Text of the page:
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Chain | Cohn | Stiles wants to remind everyone of the importance of speaking up for those who cannot, our oldest, frailest and most vulnerable citizens. If you or someone you know experiences elder abuse or neglect, please contact our attorneys by calling (661) 323-4000, or visit the law firm’s specialized website focused on elder abuse at bakersfieldelderabuse.com.

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MEDIA COVERAGE

Chain | Cohn | Stiles resolves wrongful death lawsuit on behalf of family of motorcyclist killed in crash with Sheriff’s deputy patrol car

May 9, 2018 | 9:34 am


Chain | Cohn | Stiles has reached a settlement with the County of Kern on behalf of the family of a motorcyclist who was killed in 2015 when a Kern County Sheriff’s patrol car abruptly made a turn against a red light directly into his path.

The crash involving 59-year-old Larry Maharrey garnered media attention as it was the fourth fatality in as many years involving a Sheriff’s Office patrol vehicle.

The parties agreed to a $3.8 million settlement in the wrongful death lawsuit.

“These are tragic cases where you have individuals who are completely innocent who were killed in traffic collisions. Those are the types of accidents that shouldn’t happen, especially involving officers who are trained to protect these very same people,” said Matt Clark, Chain | Cohn | Stiles attorney for the family.

Clark continued: “It’s incredibly unfortunate an innocent man died. Maharrey’s family is satisfied with the resolution, but it’s not like the resolution will bring him back.”

On July 14, 2015, Maharrey was driving his motorcycle eastbound on Norris Road in Oildale, when the deputy abruptly made a left turn against a red light onto Airport Drive directly into Maharrey’s path. Maharrey was unable to avoid the collision with the patrol vehicle, and died as a result of the crash.

The California Highway Patrol determined that Sgt. Marvin Gomez and Maharrey did not become visible to each other until 0.87 seconds before the collision because other vehicles blocked their view. CHP had recommended a misdemeanor vehicular manslaughter charge against Gomez, but the District Attorney’s office declined to file a criminal charge. Chain | Cohn | Stiles contends that Deputy Gomez violated KCSO policies and procedures by failing to pre-clear the intersection before turning left against a red light.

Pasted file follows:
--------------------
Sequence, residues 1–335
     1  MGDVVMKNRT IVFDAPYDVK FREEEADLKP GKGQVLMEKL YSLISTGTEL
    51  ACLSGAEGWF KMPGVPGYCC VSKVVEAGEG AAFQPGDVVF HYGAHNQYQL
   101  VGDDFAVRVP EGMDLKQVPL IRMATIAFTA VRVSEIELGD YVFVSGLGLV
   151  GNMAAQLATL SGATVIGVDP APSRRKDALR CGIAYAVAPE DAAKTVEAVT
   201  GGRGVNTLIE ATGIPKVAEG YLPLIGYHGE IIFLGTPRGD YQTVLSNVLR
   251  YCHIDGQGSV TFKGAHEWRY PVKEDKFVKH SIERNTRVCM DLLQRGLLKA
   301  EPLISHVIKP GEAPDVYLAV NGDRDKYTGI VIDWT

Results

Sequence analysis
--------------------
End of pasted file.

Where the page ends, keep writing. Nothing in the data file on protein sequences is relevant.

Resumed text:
Maharrey’s death came at the heels of another wrongful death lawsuit filed by Chain | Cohn | Stiles on behalf of the family of Nancy Garrett, who was struck and killed by KCSO deputy Nicholas Clerico in 2014, also in the Oildale area. This case is ongoing. Less than four years before Maharrey’s death, Daniel Hiler and Chrystal Jolley were killed when Kern County sheriff’s deputy John Swearengin struck and killed them as they pushed a motorcycle across Norris Road. Swearengin was traveling at more than 80 mph in a 45-mph zone, without activating his emergency lights or siren. The case, also represented by Chain | Cohn | Stiles, settled in March 2014 for $8.8 million.

For more than 20 years, Maharrey worked for Golden State Drilling as a diesel mechanic. At his vigil, friends and family described him as “a good man” who would do anything for anyone in need. He especially enjoyed fishing and, of course, riding his motorcycle.

MEDIA COVERAGE

Sexual Assault Awareness Month: Understanding what sex violence is, and how to report it

April 25, 2018 | 3:19 pm


Sexual assault happens in every community. Whether it’s harassment, online abuse, or unwanted sexual contact — including rape — it’s important to take these actions seriously, not blame the victim, and speak up against sexual violence.